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Dale Kedwards is HM Queen Margrethe II Distinguished Research Fellow at the Vigdís Finnbogadóttir Institute, the National Museum of Iceland, and the Museum of National History at Frederiksborg Castle. His book, The Mappae Mundi of Medieval Iceland, has now been released at Boydell and Brewer Ltd.

The Icelandic mappae mundi (maps of the world), drawn between c. 1225 and c. 1400, are contemporary with the breathtaking rise of its vernacular literary culture, and provide important insights into the Icelanders’ capacious geographical awareness in the thirteenth and fourteenth centuries. However, in comparison with those drawn elsewhere, among them the English Hereford mappa mundi, they have received little critical attention.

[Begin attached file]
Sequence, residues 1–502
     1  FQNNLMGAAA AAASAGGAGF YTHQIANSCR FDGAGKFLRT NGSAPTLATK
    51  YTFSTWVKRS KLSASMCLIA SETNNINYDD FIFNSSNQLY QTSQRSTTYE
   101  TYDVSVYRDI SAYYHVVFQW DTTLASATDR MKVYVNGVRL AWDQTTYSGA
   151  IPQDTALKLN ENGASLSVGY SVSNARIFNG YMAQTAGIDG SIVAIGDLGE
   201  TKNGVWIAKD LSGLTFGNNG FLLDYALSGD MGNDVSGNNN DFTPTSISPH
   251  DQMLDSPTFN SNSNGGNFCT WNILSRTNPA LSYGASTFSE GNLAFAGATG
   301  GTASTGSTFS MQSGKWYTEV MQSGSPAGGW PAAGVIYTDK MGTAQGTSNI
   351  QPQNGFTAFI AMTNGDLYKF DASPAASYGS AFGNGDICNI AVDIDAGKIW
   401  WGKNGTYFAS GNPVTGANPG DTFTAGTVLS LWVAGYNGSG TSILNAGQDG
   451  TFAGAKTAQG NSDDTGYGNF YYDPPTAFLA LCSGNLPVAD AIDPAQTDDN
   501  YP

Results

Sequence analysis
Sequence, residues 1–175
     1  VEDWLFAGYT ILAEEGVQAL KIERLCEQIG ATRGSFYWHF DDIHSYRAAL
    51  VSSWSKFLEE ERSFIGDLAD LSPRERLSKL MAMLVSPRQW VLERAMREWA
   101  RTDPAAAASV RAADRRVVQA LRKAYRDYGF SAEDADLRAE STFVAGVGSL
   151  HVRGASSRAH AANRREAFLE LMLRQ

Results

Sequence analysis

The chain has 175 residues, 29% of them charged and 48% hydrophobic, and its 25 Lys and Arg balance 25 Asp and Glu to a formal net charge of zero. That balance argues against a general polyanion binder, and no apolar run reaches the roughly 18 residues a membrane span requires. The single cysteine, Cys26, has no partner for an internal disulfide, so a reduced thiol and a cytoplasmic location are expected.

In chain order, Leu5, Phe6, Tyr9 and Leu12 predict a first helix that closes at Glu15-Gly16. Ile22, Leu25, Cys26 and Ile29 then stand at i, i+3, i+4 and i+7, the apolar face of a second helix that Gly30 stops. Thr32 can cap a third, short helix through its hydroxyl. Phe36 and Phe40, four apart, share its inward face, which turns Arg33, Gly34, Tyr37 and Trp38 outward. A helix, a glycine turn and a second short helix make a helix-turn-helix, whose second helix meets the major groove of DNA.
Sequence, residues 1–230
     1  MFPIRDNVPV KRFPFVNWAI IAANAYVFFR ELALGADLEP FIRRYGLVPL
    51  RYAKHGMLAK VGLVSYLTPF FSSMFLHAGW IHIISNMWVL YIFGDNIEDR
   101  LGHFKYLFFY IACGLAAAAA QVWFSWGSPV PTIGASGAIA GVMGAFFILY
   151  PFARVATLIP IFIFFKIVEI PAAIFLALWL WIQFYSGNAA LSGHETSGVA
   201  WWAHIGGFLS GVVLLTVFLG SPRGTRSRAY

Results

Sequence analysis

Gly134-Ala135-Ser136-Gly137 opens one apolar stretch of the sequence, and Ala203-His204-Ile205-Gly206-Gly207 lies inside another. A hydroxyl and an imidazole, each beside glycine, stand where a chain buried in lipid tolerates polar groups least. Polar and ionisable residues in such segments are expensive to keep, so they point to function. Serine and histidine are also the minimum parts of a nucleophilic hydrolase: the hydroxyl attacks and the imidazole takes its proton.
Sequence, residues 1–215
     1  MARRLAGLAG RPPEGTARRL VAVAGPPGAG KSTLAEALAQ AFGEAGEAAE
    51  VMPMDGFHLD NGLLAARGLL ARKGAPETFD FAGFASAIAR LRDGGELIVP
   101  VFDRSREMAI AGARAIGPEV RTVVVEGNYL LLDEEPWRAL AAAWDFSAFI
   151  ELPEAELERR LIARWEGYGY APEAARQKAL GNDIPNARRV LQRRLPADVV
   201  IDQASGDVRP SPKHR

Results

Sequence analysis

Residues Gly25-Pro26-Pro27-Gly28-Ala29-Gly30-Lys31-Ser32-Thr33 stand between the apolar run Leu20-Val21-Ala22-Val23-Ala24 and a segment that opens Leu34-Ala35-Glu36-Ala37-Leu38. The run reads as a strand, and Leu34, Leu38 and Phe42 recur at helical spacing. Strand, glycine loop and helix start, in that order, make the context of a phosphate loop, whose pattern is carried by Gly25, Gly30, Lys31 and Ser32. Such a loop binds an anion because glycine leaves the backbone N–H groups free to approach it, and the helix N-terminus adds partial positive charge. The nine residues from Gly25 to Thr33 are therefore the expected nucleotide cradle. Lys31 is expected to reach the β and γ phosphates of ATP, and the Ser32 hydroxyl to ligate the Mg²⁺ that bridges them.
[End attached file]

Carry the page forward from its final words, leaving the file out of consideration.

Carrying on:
This book explores the Icelandic mappae mundi not only for what they reveal about the Icelanders’ geographical awareness, but as complex registers of Icelandic national self-perception and imagining, situating them in their various literary, intellectual, and material contexts. It reveals fully how Icelanders used the cartographic medium to explore fantasies of national origin, their political structures, and place in Europe. The small canon of Icelandic world maps is reproduced here photographically, with their texts presented alongside English translations to enable a wider understanding.

The Mappae Mundi of Medieval Iceland is available at the website of Boydell and Brewer Ltd.

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